On the TAP discussion list, there's a robust debate over the future of TAP diagnostics. To a large extent, it's been pretty much settled that TAP diagnostics will be in YAML format. Currently, there are no diagnostics. You might think there are, but what you see is unstructured information dumped to STDERR. By a happy accident, you can deterministically read the file and line number, but that's it. Any other diagnostic information is effectively lost and a human has to eyeball it. People have tried a number of times to work around this, but to no avail. Thus, we need structured diagnostics. Most of you won't, but just because you are happy with plain text, someone who requires RTF isn't going to be happy with Notepad.
For the most part, we aim to ensure that the casual user sees no difference. Got that? The casual user should see no difference! Under the hood, however, you should be able to tweak that engine to your heart's content. People like me need to get under the hood. People like Yahoo! need to get under the hood (and they've already shoehorned some of their needs on top of TAP). If we really want the 'A' in TAP to stand for 'Anything', then we need to provide for this. Thus, diagnostics need to allow user-supplied keys.
That's where the disagreement starts. Schwern argues that we should have them completely free-form. We can't predict what the user needs and therefore we shouldn't try.
The counter-argument from chromatic is that if two TAP streams supply a key named 'Time' and one means 'start time' and the other means 'duration', how can a client possibly disambiguate them? Requiring identifying prefixes on the keys eliminates the ambiguity.
While I am very sympathetic to Schwern's point of view, the problem is the same problem with blessed hashes and large applications. Key collision can be very painful and difficult to debug. People with serious test suite needs aren't going to be terribly impressed when you tell them to build rich clients on unreliable keys.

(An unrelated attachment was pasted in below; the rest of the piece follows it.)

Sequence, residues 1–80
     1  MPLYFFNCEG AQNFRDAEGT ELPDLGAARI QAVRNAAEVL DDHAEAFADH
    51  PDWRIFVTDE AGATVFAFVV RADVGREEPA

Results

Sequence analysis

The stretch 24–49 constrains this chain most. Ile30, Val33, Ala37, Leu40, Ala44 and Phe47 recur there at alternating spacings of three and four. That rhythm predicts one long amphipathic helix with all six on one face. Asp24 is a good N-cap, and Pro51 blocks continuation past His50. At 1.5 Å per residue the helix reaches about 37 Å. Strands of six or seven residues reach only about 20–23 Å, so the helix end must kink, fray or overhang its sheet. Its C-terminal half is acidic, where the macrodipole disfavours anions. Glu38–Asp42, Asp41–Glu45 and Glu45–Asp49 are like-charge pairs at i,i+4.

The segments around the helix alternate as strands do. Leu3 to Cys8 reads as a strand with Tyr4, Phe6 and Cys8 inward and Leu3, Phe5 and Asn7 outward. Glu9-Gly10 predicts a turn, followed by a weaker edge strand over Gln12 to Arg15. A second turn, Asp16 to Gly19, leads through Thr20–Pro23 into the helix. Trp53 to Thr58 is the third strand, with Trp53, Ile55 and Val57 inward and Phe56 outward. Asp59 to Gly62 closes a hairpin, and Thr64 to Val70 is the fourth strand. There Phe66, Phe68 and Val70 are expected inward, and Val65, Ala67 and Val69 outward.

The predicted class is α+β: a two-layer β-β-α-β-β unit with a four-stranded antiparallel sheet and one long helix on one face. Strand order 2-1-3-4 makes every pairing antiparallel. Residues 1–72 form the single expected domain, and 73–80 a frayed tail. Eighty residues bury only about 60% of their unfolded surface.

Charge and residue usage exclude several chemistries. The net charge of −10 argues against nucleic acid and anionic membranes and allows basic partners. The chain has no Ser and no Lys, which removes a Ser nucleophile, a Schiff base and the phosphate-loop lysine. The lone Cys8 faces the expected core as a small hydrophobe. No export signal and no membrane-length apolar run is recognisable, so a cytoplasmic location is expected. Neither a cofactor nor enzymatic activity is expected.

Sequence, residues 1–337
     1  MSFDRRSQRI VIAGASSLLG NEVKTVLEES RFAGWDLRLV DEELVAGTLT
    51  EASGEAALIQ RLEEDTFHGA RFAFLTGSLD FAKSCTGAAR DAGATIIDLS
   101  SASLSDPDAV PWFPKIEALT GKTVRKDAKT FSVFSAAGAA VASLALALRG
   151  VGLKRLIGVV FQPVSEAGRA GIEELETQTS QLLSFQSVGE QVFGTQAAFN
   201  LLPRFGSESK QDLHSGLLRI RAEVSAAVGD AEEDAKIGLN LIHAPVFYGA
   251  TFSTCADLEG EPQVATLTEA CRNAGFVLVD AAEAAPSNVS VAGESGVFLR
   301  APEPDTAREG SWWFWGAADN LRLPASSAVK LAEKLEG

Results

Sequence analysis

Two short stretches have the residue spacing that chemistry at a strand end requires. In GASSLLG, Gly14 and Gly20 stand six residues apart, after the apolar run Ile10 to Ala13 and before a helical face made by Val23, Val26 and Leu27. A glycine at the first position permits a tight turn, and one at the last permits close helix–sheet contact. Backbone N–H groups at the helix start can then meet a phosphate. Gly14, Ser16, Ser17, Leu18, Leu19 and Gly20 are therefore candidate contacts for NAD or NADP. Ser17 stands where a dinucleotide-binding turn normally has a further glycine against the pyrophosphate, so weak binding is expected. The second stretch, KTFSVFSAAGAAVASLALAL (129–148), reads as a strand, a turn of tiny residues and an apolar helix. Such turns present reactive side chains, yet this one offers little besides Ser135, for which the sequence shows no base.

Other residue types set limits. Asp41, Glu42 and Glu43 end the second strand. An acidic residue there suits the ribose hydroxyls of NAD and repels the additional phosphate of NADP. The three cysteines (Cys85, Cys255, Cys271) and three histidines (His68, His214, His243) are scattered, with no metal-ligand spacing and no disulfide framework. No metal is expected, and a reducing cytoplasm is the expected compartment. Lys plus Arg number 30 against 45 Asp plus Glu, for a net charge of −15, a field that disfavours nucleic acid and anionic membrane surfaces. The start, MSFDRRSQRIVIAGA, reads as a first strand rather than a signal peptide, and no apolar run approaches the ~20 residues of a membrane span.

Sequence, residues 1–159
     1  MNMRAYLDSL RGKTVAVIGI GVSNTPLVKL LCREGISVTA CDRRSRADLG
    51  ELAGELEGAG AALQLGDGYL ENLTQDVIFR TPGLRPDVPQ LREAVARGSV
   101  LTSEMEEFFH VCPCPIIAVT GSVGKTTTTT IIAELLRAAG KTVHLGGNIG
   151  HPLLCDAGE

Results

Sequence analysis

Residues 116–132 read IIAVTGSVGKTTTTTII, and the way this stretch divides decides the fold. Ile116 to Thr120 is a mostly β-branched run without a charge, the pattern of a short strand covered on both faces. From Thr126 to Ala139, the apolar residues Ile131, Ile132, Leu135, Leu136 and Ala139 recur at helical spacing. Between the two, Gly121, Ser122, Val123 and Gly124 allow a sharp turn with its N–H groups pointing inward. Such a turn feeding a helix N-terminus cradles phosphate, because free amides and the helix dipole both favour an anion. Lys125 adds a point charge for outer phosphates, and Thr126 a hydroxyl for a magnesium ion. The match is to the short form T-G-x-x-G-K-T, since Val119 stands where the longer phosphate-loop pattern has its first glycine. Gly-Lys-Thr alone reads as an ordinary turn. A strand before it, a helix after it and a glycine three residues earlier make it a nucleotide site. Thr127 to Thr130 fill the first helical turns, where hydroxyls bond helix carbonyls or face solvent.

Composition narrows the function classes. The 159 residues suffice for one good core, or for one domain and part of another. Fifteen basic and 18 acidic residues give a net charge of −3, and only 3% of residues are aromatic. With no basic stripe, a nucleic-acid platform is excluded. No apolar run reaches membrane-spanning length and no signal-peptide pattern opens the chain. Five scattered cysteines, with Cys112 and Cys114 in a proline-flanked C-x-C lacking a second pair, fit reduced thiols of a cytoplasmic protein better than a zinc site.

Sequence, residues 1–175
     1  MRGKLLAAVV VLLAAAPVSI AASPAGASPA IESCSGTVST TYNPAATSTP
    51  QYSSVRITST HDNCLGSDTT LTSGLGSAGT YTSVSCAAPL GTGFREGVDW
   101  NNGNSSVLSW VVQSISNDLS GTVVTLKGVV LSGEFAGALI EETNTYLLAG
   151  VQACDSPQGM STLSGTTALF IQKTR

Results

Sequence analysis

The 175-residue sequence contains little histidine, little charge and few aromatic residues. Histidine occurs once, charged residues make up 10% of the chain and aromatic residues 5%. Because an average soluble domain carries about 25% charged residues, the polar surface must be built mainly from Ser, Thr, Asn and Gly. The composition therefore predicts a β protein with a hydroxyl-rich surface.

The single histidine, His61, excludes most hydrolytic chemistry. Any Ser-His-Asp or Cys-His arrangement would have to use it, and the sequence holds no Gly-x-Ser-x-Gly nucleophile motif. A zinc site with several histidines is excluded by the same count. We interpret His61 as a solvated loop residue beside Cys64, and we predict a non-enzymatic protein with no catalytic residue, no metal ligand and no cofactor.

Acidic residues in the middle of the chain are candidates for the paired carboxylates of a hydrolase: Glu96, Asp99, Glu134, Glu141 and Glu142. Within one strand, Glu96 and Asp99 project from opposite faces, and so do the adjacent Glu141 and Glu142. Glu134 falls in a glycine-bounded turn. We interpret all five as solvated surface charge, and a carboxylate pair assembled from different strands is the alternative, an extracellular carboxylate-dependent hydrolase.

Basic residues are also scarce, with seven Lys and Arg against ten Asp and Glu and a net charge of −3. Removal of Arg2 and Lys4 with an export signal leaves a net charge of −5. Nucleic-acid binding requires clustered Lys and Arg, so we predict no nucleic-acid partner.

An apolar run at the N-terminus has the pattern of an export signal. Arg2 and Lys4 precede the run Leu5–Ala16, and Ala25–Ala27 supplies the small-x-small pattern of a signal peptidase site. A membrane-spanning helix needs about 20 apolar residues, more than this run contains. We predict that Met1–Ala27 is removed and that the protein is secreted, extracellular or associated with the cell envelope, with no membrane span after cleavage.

The problem with chromatic's point of view is that at the end of the day, we're actually trying to attach semantic meaning to these keys and the only unambiguous way to do that is to define authorities for any prefix and this goes way beyond the scope of TAP.
I am, however sympathetic to chromatic's point of view and while I don't think he would argue for providing canonical authorities for prefixes, I think he would agree with requiring users to supply arbitrary but meaningful prefixes (in fact, I think this is what chromatic meant) for their keys or to group them under said prefix. This is admittedly ambiguous, but less so than just an unstructured mass of data. Clients can then selectively choose to use official TAP keys and known prefixes.
There was a claim that since we don't know what people will do with these, we're arguing from ignorance. I don't buy this because there is plenty of prior art in this area. Just look at TestNG, ant XML test output or any other well-used test-information structure. We can see plenty of what people need in the real world. Much of it doesn't always apply to different problem domains and hence the necessity of allowing systems to disambiguate their keys from other's keys.
Failing to provide even basic namespace safety leads to the problems you see in COBOL or PHP where you have ridiculously long function names which embed a faux namespace. It's a nightmare to work with (I speak from plenty of experience here).
If we go down the typical Perl route of being Captain of the USS Make Shit Up, how on earth can we convince those with serious testing needs that TAP is a serious protocol? It's a stated goal of ours to bring TAP to a wider audience. If we don't do this, we need to rename TAP to TAPDANCE: Test Anything Protocol Doesn't Address Needed Commercial Exigencies.